3 Books That Will Improve Your Long-Range Planning

A global pandemic of unprecedented proportions. Unprecedented strain in the worldwide supply chain. Inflation is on the rise—desperate labor shortages. Weather change is causing deadly heat waves and storms—the first cross-border shooting war between Europe and the United States in 80 years.

The world has been through a lot already this decade, much of it unprecedented in living memory–inconceivable before it happened. It is a sad reminder that we cannot predict the future.

While you cannot predict the future, you can plan for it.

We can plan for it. Each book covers a different area of life or business. However, they are all written in a reluctant planner’s mind. They are people who understand the importance of long-term planning but are too focused on the short term to make it happen. These books will help you understand why “hope for success but prepare for the unexpected” isn’t just idle talk.

1. Tomer Rabinovich, Ride The Amazon Wave

Ride The Amazon Wave: A Pro Seller’s Guide To Private Label Success by Tomer Rabinovich is essential reading for all entrepreneurs, even those who do not make their living from Amazon. Rabinovich shares his incredible success story, from quitting his job to scale his Amazon sales business to starting a consulting firm to share his knowledge.

Rabinovich demonstrates how crucial it is for business leaders and managers to think strategically and tactically throughout his book. Although you won’t be able to make seven-figure Amazon sales overnight, it is possible to plan for five years and beyond.

2. Pete Bush and Bill Bush – The Runway Decade

American workers reach their peak earning potential around 50. There is still plenty of time before retirement. But most Americans are not prepared for retirement when they come 60. Many people feel they cannot stop working beyond the “normal” retirement age. This is often true in their 70s.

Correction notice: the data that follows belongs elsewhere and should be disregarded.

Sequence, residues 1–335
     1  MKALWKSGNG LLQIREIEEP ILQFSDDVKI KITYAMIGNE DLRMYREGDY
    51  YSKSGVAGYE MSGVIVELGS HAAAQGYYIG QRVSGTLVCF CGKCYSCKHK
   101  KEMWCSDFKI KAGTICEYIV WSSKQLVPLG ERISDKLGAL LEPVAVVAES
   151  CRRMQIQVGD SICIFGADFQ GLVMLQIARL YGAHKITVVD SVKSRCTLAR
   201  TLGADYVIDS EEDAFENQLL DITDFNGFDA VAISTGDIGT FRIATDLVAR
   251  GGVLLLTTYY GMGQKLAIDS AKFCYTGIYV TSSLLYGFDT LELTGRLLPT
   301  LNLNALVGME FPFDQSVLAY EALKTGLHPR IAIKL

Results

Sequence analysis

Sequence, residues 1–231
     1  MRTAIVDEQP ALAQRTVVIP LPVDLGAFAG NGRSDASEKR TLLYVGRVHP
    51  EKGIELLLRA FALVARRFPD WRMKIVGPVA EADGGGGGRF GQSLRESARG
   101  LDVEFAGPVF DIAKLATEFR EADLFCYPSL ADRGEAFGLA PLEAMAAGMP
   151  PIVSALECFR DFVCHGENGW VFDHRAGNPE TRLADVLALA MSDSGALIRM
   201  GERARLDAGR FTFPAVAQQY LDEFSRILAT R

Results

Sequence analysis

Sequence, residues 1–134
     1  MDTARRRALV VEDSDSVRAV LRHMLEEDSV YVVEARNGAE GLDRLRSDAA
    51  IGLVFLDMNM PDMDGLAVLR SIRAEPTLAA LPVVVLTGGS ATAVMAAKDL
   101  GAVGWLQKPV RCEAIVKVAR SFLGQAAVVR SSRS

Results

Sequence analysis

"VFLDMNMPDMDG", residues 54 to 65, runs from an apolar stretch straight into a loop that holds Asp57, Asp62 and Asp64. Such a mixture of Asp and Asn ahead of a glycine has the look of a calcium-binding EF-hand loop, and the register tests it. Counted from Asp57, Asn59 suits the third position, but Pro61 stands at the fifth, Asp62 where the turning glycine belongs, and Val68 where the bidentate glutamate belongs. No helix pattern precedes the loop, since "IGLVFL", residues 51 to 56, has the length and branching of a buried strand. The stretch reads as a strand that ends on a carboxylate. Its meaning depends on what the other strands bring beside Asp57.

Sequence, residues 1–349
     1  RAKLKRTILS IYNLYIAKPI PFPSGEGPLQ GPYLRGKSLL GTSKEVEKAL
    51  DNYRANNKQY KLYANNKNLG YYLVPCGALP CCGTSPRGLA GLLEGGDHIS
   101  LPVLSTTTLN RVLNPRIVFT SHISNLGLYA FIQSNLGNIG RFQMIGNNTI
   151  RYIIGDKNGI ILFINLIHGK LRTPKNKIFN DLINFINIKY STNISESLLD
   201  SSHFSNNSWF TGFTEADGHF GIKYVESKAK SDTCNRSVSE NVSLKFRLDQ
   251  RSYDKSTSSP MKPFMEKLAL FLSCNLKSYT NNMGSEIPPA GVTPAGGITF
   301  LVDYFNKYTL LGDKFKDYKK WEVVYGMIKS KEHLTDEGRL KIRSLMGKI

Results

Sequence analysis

Poor long-range planning and poor financial decisions are not the only reasons for this. It’s all part of life. However, in The Runway Decade: Building a Preretirement Flight Plan for Your Fifties, veteran financial advisors Pete Bush & Bill Bush argue that a long-term plan can help you transition from “just getting by” to “everything” when you are ready to retire.

The Runway Decade will be especially useful for business owners in their 50s who need to decide how to transition from day-to-day management and possibly give up ownership as they get older. Each chapter includes fun worksheets and exercises that simplify financial planning. This is great for those who don’t like counting dollars and cents.

3. Wesley Donehue – Under Fire

Wesley Donehue, a communication strategist, knows well how a reputational crisis could strike at any moment.

The bad news is that you will not be able to predict how it will turn out until it’s happening. At that point, it’s too late for you to plan and execute. There will be no further option than to react.

Good news: Donehue helped business leaders, politicians, and global influencers to navigate some of today’s most controversial and scandalous events.

Donehue shares much more of his experience under Fire: 13 Rules to Survive Cancel Culture and Other Crises over the years. This book provides a practical guide to help public officials, business leaders, and everyday people create a crisis management plan before it becomes necessary. You won’t need it again, but you will be thankful that you have it.

The Future Can Be Predicted

None of these books can teach you how to forecast the future. It’s not possible, at least not for now.

These books will help you to plan and anticipate the future. This is almost as valuable. It’s almost as valuable to be well prepared for the future, both in business and personal life. Even though we don’t know what their future looks like, it’s better to be prepared.

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Samatha Vale
Samatha a senior writer for HC's entertainment team. She is an entreprenuer, mother and an excellent writer. She's also an avid reader, music enthusiast and all around inquisitive person - which is just a nice way of saying she's nosy.

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